If you only give a small dab to the folks who ask, I can't imagine the extra $3 or $5 would break a restaurant.

                  2. re: Robert Lauriston

                    They're making soft serve. Two flavors daily.

                    1. re: sugartoof

                      Soft serve is made from a mix. It's not quite illegal to make it from scratch in California but it's an enormous pain, you have to have a separate area licensed as a dairy.

                      1. re: Robert Lauriston

                        That's true, but we also know Smitten Ice Cream is getting around this using nitrogen, so who knows.

                        Anyway, whether they're using Strauss Barista cream or Carnation non-dairy creamer, they would be the only place in the city to currently refuse providing dairy for coffee, hardship or otherwise....and hardship isn't convincing.

                        1. re: sugartoof

                          I thought the complaint was that they had only milk, not cream or half-and-half.

                          1. re: Melanie Wong

                            To rehash, some of Smitten's flavors use an outside base, the rest are made in house.

                            It's also possible Alta has a recipe for soft serve that allows them to get around the ice cream zoning issues, even if they don't use a base. Point being, you can get around this stuff. Before Alta announced their soft serve, TBD/AQ also announced they would offer two soft serve flavors a day.

                          2. re: Robert Lauriston

                            where did you get from Alta Ca that it was made with mix? In fact they claimed it was made from fresh dairy every day.

                            1. re: tjinsf

                              By law it has to be made from a mix provided by a licensed manufacturer. The mix could be fresh daily.


                    2. re: Robert Lauriston

                      How do you think coffee shops turn a profit with their wealth of dairy, and non-dairy choices?

                      1. re: Robert Lauriston

                        Cream of half-and-half doesn't sound like an unreasonable thing for a restaurant serving coffee to have on hand.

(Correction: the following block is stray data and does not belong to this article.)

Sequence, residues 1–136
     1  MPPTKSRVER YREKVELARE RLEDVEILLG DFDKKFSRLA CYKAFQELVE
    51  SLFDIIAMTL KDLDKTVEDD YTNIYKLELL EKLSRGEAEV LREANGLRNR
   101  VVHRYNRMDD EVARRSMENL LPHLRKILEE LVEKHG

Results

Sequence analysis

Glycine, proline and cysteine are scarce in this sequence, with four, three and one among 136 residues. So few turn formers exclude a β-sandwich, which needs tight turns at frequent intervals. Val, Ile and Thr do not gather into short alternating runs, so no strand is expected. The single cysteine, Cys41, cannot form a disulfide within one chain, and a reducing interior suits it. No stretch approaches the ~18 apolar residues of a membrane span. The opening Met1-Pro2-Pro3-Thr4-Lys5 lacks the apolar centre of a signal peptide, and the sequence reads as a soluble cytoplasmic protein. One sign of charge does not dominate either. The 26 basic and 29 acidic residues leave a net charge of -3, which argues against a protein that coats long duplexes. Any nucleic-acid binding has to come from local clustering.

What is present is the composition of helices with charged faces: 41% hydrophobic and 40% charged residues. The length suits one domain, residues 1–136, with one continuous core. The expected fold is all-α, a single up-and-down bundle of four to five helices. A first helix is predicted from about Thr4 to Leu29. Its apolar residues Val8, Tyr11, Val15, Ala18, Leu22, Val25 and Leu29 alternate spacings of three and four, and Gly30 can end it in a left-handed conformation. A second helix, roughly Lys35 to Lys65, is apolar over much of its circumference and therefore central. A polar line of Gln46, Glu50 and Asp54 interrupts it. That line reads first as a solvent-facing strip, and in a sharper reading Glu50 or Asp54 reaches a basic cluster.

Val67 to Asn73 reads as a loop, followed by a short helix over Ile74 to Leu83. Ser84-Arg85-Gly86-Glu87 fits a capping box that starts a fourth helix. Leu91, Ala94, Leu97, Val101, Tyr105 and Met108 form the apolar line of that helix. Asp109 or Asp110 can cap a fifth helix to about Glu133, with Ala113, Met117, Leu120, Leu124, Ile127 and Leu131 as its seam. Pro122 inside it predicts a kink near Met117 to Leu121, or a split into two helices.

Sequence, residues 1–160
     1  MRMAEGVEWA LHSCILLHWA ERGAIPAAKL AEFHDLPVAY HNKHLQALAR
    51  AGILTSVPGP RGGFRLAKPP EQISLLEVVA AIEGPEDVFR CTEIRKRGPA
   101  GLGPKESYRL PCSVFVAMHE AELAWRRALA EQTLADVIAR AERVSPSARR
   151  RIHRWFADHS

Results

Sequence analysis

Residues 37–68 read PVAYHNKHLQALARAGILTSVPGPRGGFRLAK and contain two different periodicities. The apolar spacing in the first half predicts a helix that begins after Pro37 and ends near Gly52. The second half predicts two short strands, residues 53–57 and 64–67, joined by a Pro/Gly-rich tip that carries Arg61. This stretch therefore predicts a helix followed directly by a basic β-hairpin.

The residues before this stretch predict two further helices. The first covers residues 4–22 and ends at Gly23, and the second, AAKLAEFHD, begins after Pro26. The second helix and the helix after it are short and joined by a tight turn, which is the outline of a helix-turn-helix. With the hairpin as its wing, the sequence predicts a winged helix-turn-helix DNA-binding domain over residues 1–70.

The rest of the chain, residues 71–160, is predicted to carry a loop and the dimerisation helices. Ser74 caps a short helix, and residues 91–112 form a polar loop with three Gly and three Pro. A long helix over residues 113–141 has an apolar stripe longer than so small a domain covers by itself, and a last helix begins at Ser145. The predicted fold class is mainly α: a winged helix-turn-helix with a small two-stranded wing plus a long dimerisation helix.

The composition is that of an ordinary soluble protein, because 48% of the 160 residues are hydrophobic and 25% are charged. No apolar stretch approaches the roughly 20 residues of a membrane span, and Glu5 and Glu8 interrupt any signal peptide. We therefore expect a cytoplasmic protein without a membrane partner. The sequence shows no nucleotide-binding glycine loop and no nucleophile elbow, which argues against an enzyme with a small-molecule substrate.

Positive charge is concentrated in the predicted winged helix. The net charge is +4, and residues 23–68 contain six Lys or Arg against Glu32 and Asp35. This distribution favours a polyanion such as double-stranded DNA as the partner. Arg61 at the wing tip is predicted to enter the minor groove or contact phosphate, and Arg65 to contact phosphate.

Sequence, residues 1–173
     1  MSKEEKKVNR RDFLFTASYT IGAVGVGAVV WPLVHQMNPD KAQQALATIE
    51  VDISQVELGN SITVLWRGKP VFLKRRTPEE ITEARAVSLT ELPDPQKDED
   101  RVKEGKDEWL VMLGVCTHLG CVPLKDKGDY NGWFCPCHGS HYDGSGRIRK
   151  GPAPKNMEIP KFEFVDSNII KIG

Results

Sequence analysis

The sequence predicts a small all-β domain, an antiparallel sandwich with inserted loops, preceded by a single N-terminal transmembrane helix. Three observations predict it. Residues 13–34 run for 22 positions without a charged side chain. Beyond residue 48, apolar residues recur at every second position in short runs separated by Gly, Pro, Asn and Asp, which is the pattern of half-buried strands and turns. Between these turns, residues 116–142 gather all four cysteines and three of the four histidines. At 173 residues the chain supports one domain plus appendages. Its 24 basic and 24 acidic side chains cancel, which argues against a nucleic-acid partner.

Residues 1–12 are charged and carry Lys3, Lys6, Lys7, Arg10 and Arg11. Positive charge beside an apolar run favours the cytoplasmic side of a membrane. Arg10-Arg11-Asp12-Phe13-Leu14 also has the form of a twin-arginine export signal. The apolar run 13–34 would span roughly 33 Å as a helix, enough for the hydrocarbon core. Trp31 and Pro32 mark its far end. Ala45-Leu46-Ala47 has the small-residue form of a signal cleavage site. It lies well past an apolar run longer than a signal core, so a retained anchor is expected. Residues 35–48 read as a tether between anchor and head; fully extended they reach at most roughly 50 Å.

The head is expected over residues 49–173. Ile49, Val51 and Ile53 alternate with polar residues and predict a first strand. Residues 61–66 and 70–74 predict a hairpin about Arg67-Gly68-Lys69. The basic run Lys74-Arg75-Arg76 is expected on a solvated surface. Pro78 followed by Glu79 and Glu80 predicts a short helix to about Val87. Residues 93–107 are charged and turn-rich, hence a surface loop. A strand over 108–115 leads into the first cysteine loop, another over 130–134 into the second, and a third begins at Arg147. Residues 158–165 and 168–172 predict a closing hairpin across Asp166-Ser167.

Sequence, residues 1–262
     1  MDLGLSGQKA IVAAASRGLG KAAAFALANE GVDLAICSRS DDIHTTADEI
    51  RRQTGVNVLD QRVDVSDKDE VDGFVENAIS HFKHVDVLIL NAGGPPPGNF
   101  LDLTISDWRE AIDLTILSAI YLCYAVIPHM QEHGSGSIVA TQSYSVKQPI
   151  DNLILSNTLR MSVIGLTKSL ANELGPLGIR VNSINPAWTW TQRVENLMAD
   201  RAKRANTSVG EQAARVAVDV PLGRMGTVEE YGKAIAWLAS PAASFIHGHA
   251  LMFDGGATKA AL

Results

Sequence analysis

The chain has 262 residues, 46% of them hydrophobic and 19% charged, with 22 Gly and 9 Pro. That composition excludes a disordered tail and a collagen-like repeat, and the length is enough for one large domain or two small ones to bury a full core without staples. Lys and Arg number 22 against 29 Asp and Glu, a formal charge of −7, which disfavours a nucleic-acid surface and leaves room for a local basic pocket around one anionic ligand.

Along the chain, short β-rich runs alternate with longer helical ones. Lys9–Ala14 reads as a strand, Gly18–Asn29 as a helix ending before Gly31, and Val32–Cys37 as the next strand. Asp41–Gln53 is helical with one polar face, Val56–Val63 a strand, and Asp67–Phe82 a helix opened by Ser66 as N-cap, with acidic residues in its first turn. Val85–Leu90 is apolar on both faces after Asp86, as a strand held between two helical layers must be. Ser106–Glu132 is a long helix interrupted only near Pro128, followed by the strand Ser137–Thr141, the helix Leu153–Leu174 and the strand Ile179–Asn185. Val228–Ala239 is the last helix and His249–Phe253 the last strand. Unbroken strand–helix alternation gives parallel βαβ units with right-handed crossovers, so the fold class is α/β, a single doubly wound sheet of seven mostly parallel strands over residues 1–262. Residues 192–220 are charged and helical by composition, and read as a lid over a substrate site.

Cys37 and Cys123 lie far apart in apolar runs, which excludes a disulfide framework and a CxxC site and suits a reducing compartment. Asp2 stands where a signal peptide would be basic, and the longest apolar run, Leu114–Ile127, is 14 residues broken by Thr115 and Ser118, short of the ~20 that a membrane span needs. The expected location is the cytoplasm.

In a Zagat survey of 1,796 people, only 25% of people use half-and-half in the coffee and 9% use "creamer."


                        1. re: hyperbowler

                          From a customer service POV, it's certainly a bad idea not to stock cream and half-and-half.

                          I think it's one of those things, like charging for bread or an Italian restaurant not giving out free olive oil, that a chef might see as a sensible cost-cutting measure without taking into account how much it will piss off customers.

                        2. re: Robert Lauriston

                          Their exact words were "the chef doesn't believe milk should be served with anything other than whole milk". Rather than make guesses about how something is, it's best to either ask someone who was there (me) or ask the restaurant. That's if you want facts.

                          It had nothing to do with cost which is a rather silly idea considering it's around 60 a person to eat there and a 5 dollar container of even the best half and half isn't going to break the bank.

                          1. re: tjinsf

                            I just called Alta to confirm that they do not serve half and half or cream with their coffee. The person who picked up the phone told me that was inaccurate so I wonder if that server was just being a general problem that night

                            1. re: hyperbowler

                              ok thanks for that. I have no freaking idea what the server's damage was then that she is making stuff up like that.

                              1. re: hyperbowler

                                Maybe they changed the policy because they were getting so much bad publicity about it.

                                1. re: hyperbowler

                                  ok an update on coffeegate, talked to Benjamin Hetzel,General Manager. He did clarify that it was his decision not the chefs. They are not serving half and half or other things like soy and they only plan on whole milk. The person you spoke to must have also been misinformed according to the GM. It's nice to know it was just a server error. Hope this settles coffeegate, LOL.

                                2. re: tjinsf

                                  Is it possible they were just trying to detour you from using milk, or whatever, out of some coffee purist idealism, and it came out sounding like they wouldn't serve it?

                                  1. re: sugartoof